The Clinton Herald, Clinton, Iowa

December 17, 2013

The Twelve Days of Christmas come with a heftier price tag

David Helscher
Columnist

---- — For the last-minute holiday shopper I have a suggestion. A financial firm tracks the annual cost of the items included in the carol the “Twelve Days of Christmas.” Rather than procrastinate you will probably need to start right away to secure all of these items for your special someone and it is going to cost you more this year than last. Never let it be said that I didn’t have suggestions!

This Christmas Index produced a price increase of 10.6 percent from last year for each item, totaling $20,393.17. If you strictly adhered to the song, repeating all of the verses, the cost would set up back $114,651.18 for 364 gifts, up 6.9 percent from 2012. The items tend to fall into two general categories: commodities; pear tree, partridge, French hens, geese, gold, or, labor; maids-a-milking, lords-a-leaping and pipers piping.

For the most part, the commodity items were very well contained, showing little actual increase over 2012. As of the end of November, the Dow Jones UBS Commodity Index was down 13 percent over the past year. Five gold rings showed no increase despite gold experiencing a market decline of 27 percent. The outlier was four calling birds, up 15 percent and swans were excluded as they have proven especially volatile, not surprising given their temperament. My taste runs more to beef and pork or consumable items. Market livestock prices were down over 1 percent in the past year for live cattle and lean hogs.

Labor conditions in the U.S. have recently improved with November’s unemployment rate falling to 7 percent. The economy has been adding more jobs in the past two months according to nonfarm payroll reports from the Labor Department. The past two months have shown increases of over 200,000 jobs a month. The Christmas Index reflects the labor components making the biggest increase, with Nine Ladies Dancing up 20 percent, reflecting increased demand for specialized skills. I find the 10 percent increase in 10 Lords-a-Leaping suspect, given the government austerity programs in Europe and double digit unemployment in much of the Euro Zone.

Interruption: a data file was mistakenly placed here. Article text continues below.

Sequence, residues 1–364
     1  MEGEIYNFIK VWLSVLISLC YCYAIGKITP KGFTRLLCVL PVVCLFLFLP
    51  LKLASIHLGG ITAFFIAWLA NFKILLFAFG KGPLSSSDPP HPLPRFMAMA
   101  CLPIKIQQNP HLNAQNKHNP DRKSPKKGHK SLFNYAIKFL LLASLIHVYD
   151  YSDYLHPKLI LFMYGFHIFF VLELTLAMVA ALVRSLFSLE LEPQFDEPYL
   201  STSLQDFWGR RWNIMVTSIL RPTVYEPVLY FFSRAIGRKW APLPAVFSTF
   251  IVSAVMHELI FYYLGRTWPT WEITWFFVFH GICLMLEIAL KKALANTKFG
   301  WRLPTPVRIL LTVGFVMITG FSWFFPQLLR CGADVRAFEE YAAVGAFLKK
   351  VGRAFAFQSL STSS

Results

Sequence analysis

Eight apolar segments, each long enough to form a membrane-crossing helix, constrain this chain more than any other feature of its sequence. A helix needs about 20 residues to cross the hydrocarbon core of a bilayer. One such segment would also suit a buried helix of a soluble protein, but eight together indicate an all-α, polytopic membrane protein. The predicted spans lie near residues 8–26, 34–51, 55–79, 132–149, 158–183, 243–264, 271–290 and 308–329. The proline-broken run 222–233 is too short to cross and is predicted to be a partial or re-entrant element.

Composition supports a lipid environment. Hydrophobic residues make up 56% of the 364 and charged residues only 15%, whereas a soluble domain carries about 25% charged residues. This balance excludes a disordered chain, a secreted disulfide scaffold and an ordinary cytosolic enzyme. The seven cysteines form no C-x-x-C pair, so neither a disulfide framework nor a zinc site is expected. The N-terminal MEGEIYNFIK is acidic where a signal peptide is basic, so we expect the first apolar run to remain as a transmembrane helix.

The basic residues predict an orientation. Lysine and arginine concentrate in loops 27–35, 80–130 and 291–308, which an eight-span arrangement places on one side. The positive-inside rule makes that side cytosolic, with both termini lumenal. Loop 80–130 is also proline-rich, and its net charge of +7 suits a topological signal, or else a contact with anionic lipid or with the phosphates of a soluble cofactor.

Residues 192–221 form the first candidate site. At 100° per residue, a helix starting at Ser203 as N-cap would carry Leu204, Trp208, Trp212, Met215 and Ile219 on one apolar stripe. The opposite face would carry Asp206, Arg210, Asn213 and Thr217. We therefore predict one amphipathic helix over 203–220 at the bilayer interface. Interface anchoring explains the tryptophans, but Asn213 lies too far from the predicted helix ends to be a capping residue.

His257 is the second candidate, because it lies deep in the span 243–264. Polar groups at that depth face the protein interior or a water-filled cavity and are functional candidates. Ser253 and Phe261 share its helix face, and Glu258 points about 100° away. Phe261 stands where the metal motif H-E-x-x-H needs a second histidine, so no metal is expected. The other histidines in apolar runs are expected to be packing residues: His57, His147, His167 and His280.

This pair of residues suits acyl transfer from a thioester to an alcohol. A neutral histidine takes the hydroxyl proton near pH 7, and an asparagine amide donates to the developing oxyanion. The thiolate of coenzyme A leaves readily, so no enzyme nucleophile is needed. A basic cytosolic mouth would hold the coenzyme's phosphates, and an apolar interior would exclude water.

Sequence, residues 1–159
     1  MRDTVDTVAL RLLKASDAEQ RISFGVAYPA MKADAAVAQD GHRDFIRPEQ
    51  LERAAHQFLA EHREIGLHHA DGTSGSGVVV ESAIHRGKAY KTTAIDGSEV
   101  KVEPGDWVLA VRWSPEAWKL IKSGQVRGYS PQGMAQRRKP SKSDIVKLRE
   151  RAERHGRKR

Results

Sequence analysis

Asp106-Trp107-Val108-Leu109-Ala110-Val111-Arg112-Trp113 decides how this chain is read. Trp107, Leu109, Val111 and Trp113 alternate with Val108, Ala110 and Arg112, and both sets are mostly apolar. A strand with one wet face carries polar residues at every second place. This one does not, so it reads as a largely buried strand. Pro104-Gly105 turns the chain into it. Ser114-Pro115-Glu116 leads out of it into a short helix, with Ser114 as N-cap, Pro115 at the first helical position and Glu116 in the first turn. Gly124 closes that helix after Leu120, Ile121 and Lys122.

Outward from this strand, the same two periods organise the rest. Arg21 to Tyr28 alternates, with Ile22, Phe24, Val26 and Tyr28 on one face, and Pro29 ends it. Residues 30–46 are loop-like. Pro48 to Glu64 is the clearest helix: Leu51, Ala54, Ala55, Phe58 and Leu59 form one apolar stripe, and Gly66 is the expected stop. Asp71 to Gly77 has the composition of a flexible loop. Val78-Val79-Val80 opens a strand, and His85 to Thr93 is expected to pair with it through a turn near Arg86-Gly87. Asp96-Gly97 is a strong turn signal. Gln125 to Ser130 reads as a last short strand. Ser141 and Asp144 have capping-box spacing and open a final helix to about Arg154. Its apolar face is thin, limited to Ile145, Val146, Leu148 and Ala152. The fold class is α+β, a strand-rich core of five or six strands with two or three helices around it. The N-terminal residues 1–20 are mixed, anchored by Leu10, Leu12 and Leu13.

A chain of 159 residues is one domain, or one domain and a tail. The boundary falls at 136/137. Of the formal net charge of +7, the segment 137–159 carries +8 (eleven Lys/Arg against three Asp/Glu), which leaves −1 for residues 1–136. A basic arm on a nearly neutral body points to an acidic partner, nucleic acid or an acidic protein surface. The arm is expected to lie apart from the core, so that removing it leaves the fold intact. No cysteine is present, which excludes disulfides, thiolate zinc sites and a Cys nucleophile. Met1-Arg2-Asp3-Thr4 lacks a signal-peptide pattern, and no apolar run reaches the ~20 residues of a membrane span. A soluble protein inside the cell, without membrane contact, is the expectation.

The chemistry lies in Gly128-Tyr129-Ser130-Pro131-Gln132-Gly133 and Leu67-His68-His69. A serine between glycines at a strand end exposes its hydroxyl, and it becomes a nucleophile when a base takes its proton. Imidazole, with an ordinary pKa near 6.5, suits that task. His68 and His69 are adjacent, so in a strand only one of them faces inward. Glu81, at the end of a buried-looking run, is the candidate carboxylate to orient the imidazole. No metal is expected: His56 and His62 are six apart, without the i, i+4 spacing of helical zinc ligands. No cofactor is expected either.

Still, in the U.S. the labor participation rate reversed course and increased in November, reflecting, in part, the end of the government shutdown. The average workweek increase by .1 to 34.5 hours and hourly earnings were up 2.0 percent annualized through November. Person income increased but spending also increased. Consumers are spending, although Black Friday retail sales numbers were down Cyber Monday showed a 20 percent increase over 2012. Christmas consumers must have been bidding up the wages of pipers and drummers online. The cost of items included in the Christmas Index purchased online declined by 1.7 percent over the past year, but were still more expensive than buying in person. This must be the cost of shipping birds, a tree and transportation of various pipers, dancers and leapers.

The annual increase in the Christmas Index has exceeded general inflation. The Federal Reserve’s preferred inflation measure, the personal consumption expenditure index, reflects annual inflation of about 1 percent. The subdued inflation rate provides the Fed with room to allow interest rates to rise or begin tapering bond purchases without igniting inflationary pressures. The continued slack in the labor markets and underutilized capacity affords them some time. Even the trade balance is supportive of tame inflation, with strong exports relative to imports, unless you count those from the North Pole.

The Christmas Index is to give you some ideas for those final items or for the person on your list that already has everything. My list does not include birds, gold or drummers, unless you count beating the snow shovel on the walk! It tends to run more along the lines of woolen socks and sweaters. May your holiday season be safe and warm.

David Helscher is a senior vice president and trust officer with Clinton National Bank.